For most people, the rule is “if you love something, set it free;” if you’re an obsessive “Game of Thrones” fan, the rule is more like “if you love something, dissect it into infinitesimal pieces and scrutinize even the tiniest facet.”
George R.R. Martin’s fantasy book series and its television adaptation are sprawling enough on their own, with intricate family trees, shifting alliances and thorny plots. Add a layer of fans and writers eager to draw connections to real life, and the stories expand to contain multitudes.
This week, Wired has an interview with ice climber Katie Mills, who nitpicked the wildlings’ ascent of the 700-foot-high Wall that forms the northern border of Westeros featured in last week’s episode, “The Climb.” While the ice axes and crampons the wildlings used to scale the icy barrier were feasible in the medieval setting of “Game of Thrones,” some of the other details didn’t ring quite as true to life.
A big cliffhanger (literally) in the episode involves the warg Orell cutting Ygritte and Jon Snow loose after a big chunk of the Wall shears off, causing the pair to lose their grip. Ygritte, climbing above Jon, falls, but Jon’s still hooked into the wall and manages to hold them both up. But in reality, Ygritte probably would've plummeted to her death, Mills said; while modern climbers use ropes with a bit of stretch, the wildlings’ ropes would have likely snapped immediately with the force of Ygritte’s fall.
Well, maybe a little artistic license is expected in ice climbing, but what about the show’s bread and butter – violent swordfighting? Turns out there’s probably some artifice there, too. Much of our modern view of medieval swordfighting is mixed up with moves from fencing, Asian martial arts and stage theatrics.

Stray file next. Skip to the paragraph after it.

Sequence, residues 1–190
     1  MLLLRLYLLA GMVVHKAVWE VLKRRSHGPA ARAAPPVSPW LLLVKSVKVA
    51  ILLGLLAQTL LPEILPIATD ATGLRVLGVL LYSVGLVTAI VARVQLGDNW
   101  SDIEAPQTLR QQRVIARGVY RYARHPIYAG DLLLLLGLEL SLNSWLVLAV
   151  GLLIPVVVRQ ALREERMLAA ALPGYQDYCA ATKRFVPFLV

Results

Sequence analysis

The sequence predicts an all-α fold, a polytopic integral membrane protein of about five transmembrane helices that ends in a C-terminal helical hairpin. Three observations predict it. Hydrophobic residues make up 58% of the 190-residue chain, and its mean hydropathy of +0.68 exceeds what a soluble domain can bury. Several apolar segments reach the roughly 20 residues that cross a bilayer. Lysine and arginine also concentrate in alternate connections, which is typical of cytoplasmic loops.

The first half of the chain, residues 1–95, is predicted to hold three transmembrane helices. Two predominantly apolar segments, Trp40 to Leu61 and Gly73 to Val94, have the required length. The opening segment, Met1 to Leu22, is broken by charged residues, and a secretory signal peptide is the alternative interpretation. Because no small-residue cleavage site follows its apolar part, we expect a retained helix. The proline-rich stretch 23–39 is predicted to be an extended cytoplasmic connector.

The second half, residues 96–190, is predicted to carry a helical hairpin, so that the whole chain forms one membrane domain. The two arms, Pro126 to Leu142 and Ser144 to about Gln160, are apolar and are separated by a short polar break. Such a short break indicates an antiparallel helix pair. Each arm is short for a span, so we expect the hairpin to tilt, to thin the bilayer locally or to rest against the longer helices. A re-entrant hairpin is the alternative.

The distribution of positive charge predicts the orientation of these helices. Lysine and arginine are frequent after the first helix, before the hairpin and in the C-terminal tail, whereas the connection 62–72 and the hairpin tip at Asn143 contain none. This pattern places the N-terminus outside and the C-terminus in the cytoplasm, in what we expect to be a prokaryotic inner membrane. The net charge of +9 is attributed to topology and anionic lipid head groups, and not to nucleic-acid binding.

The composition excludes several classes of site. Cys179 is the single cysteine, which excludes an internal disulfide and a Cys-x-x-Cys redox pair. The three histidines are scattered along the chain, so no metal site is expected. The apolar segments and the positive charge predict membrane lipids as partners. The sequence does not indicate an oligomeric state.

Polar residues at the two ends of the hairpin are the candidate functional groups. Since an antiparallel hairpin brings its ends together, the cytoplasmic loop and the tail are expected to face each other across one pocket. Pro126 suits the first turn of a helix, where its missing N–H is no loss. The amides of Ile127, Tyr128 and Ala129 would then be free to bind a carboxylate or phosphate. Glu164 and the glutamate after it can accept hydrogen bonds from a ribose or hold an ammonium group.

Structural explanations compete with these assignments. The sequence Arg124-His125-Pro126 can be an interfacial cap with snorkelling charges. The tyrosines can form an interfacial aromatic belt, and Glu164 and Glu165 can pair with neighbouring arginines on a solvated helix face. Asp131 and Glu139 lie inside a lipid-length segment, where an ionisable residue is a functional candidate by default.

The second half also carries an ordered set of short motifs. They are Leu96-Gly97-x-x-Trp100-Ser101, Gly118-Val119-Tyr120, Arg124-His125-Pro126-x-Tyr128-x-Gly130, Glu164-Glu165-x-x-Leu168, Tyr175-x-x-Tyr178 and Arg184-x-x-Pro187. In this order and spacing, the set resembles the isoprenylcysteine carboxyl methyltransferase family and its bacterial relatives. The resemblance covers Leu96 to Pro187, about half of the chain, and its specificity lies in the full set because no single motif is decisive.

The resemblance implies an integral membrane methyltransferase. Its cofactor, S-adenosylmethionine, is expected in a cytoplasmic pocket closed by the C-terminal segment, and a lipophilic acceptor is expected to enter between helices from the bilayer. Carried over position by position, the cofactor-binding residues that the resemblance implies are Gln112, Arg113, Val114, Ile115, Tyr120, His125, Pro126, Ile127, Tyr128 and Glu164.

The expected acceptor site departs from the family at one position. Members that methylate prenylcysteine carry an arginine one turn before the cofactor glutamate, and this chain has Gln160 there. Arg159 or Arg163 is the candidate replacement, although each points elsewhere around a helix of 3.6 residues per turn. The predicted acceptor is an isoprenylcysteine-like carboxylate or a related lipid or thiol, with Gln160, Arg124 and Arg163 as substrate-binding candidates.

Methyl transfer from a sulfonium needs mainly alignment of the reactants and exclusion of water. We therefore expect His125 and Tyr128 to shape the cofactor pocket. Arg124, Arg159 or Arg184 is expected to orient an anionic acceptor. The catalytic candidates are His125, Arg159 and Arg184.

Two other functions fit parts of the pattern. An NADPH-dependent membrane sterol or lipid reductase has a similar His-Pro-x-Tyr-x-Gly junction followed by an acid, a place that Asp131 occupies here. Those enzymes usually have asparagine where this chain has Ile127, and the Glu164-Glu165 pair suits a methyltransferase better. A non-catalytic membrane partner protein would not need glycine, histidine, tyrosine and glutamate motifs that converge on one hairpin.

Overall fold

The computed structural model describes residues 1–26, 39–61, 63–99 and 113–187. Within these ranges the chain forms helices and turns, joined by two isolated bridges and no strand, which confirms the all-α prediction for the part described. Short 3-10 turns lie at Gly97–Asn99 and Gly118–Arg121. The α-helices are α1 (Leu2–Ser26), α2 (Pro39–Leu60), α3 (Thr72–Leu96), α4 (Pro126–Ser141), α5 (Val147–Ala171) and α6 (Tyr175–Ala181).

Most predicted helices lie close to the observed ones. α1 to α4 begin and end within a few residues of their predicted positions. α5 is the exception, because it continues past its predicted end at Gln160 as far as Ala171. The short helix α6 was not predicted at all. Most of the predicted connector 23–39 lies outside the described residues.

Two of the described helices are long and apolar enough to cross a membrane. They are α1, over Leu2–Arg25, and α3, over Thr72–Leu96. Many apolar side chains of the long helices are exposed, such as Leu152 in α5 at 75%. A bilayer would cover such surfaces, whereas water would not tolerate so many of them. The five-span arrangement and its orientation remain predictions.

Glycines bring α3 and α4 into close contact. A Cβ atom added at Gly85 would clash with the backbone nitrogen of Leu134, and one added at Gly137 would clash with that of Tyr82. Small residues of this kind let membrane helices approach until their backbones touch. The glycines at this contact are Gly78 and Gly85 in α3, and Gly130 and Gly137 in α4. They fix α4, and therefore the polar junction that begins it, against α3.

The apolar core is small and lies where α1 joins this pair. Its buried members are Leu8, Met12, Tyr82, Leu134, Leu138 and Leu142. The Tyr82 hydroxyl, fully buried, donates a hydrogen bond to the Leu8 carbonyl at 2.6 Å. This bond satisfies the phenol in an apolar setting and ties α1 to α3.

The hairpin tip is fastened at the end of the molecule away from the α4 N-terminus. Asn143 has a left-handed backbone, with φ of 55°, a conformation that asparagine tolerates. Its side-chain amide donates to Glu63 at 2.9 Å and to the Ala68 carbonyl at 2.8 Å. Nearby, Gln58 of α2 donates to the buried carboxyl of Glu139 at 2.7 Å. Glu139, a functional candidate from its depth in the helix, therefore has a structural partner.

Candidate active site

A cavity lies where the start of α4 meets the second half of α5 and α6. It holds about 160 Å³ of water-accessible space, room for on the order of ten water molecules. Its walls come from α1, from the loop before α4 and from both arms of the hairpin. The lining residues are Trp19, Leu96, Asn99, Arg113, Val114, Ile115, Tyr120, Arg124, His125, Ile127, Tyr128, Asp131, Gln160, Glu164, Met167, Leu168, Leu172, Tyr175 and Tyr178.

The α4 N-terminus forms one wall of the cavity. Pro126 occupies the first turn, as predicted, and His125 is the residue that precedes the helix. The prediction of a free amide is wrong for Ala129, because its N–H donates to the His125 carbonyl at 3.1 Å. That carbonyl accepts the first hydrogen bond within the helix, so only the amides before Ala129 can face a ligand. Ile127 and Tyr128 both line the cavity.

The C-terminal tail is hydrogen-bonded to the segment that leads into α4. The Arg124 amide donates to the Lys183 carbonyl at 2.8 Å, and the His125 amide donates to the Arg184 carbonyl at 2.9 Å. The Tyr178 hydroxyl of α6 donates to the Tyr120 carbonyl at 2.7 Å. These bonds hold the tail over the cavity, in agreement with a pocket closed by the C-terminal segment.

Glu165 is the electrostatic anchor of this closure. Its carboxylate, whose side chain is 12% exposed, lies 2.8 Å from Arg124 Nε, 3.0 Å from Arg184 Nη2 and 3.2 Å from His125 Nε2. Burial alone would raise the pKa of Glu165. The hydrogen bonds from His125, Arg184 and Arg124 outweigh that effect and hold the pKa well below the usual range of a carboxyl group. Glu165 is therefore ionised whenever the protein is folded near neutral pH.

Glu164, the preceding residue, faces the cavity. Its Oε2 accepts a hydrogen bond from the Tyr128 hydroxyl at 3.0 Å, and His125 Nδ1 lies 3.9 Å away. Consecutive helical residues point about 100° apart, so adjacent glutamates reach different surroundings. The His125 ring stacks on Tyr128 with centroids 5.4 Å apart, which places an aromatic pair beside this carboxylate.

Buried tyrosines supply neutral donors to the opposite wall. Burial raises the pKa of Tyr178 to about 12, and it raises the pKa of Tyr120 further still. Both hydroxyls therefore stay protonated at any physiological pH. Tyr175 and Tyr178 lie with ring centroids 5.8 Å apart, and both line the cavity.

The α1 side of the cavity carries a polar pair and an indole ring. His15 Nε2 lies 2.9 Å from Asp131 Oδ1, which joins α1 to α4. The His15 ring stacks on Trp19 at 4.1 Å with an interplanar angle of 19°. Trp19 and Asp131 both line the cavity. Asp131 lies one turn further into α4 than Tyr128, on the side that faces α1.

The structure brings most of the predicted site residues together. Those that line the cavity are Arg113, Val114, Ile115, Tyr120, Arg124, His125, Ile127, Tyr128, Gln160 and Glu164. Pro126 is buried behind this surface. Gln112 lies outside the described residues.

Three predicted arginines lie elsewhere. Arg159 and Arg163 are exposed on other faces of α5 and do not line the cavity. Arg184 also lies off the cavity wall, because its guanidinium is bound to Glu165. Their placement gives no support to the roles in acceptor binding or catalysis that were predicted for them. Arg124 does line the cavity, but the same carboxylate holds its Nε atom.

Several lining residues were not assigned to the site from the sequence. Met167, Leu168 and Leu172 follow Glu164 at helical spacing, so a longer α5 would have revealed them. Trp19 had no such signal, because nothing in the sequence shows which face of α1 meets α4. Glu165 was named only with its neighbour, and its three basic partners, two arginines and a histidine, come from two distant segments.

“[Historical] sources [on swordfighting] specifically tell us not to try to block. You don't attempt to be passive or stay defensive … You don't try to just win the range and timing by sneaking out blows and feints,” medieval swordfighting expert, John Clements, wrote in an article for the science and sci-fi blog io9.
So how does “Game of Thrones” fare in terms of accurate swordfighting, based on the historical record? Let’s look at two examples: the fight between Jaime and Brienne on the bridge, from the second episode in the third season:
And the fiery battle between Beric Dondarrion and the Hound from the fifth episode:
Both fight scenes balance realistic brutality with cinematic finesse. Brienne does seem to have some fancy footwork, moving her weight around, but notice how she constantly parries Jaime’s attacks – realistically, he probably wouldn’t be able to cut through her armor with a body blow. But it’s not exactly a traditional fight, since she’s trying to disarm the Kingslayer without hurting him too badly.
But in the duel between Beric and the Hound, it’s a death match (without helmets). There’s a lot of parrying and twirling that you probably wouldn’t see in a real brawl. But it’s what the cinema’s coached us to expect from swordfighting.